Office of rare diseases NIH
I will start by saying that rare diseases are a significant player in modern healthcare that are often overlooked or ignored because they are not widely known. Some of the following suggestions come from my experience having been diagnosed with numerous rare diseases including Langerhans Cell Histiocytosis, Ehlers-Danlos Syndrome, Postural Orthostatic Tachycardia Syndrome, Idiopathic Intracranial Hypertension, and Addison’s Disease. As a rare disease advocate, I strongly believe that patient-physician partnership is essential in the treatment of rare diseases. I hope that these partnerships will be formed more frequently as modern healthcare evolves. From my experience with the rare disease community, many of the patients I know are eager to learn about their diseases and provide information to healthcare practitioners. Rare disease patients often refer to themselves as “zebras” due to the often referenced quote in medical circles “When you hear hoofbeats, think horses, not zebras.” That is true, but remember – there are many zebras out there, too, and we depend on physicians’ willingness to learn and partner with us to find diagnoses, treatments, and hopefully eventually cures for our rare diseases.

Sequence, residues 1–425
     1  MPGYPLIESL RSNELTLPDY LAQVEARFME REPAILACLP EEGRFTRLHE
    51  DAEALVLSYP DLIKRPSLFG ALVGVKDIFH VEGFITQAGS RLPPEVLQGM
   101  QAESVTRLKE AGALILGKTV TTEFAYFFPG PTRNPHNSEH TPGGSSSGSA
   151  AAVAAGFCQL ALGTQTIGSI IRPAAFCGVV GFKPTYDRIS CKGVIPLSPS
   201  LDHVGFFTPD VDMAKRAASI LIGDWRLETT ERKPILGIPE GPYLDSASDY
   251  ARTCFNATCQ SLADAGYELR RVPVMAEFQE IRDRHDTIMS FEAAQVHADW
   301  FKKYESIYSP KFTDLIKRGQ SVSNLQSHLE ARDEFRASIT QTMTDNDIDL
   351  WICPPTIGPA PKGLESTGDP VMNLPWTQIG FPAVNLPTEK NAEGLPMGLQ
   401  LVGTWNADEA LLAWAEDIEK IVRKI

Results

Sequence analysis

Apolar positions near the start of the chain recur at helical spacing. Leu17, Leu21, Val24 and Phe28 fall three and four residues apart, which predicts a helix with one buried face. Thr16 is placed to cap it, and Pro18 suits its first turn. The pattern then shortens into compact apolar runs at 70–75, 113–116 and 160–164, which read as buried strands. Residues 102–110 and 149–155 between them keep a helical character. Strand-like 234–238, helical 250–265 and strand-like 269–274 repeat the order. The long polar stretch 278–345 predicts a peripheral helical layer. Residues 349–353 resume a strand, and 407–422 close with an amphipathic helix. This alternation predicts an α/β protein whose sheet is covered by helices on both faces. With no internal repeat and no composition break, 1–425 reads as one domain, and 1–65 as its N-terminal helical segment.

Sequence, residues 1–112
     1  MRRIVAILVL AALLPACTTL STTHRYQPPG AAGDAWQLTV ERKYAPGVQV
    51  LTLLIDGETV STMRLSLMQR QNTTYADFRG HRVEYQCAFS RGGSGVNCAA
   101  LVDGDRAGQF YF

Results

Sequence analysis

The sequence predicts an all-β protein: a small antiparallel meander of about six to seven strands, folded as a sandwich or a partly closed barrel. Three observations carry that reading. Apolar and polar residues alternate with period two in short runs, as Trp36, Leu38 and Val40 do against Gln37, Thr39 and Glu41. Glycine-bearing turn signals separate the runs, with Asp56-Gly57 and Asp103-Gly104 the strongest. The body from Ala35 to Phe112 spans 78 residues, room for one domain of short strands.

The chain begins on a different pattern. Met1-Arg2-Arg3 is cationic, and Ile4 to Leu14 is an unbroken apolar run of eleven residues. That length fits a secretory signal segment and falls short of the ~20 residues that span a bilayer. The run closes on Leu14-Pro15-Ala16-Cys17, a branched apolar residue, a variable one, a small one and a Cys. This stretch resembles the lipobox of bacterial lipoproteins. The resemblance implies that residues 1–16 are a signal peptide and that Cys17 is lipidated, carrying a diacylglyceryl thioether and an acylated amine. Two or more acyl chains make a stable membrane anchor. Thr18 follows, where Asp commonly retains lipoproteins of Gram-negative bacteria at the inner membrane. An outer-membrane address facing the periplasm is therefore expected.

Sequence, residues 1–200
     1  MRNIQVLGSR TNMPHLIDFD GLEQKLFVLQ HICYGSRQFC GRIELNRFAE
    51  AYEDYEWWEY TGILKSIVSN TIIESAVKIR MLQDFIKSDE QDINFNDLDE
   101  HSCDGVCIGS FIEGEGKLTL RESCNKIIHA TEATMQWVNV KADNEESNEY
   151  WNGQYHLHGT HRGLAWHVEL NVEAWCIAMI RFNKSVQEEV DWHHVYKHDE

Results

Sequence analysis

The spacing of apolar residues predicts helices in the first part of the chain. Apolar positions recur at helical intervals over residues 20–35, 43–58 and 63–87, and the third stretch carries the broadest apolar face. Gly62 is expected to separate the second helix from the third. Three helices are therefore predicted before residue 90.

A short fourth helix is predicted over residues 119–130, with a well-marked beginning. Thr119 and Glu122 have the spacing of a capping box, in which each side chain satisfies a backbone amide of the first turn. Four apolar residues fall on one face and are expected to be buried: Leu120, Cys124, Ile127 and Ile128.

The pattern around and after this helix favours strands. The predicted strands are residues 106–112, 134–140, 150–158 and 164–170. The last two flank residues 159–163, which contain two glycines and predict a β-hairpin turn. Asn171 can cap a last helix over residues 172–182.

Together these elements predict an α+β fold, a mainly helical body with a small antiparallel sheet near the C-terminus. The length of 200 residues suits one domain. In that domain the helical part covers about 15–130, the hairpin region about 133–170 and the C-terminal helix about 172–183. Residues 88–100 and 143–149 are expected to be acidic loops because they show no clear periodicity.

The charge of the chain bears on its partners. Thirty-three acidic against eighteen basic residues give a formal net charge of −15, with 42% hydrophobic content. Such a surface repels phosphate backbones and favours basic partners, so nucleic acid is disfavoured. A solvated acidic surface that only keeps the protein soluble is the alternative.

There are close to 7, 000 rare diseases that affect 30 million Americans (“About NORD”). In the process of searching for a diagnosis, patients with rare diseases will find themselves in countless doctors offices, often waiting years for a diagnosis and treatment. Healthcare professionals will most likely encounter patients with rare diseases on a daily basis, but the lack of knowledge of specific rare diseases makes many health practitioner-patient interactions frustrating, or even life-threatening if the medical professional is unaware of the severity of problems caused by a rare disease.
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Blood diseases? leukemia?
Bruising alone is not indicative of leukemia. Bruising for a year with no other symptoms means it would be very, very unlikely to be something serious like leukemia... you would have gotten very, very sick in the meantime.
It may be a mild bleeding disorder, or it may be nothing at all.